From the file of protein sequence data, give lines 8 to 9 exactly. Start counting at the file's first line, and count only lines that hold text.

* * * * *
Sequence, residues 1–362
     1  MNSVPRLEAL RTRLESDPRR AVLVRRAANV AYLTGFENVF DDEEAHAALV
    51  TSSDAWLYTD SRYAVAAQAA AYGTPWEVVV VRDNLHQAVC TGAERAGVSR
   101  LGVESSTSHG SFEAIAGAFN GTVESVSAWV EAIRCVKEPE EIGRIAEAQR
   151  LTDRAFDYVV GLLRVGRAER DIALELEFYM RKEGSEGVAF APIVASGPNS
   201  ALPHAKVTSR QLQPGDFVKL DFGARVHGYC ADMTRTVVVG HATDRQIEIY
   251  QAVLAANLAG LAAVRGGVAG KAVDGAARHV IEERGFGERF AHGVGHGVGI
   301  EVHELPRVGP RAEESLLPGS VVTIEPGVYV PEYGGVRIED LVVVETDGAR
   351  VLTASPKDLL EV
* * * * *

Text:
   301  EVHELPRVGP RAEESLLPGS VVTIEPGVYV PEYGGVRIED LVVVETDGAR
   351  VLTASPKDLL EV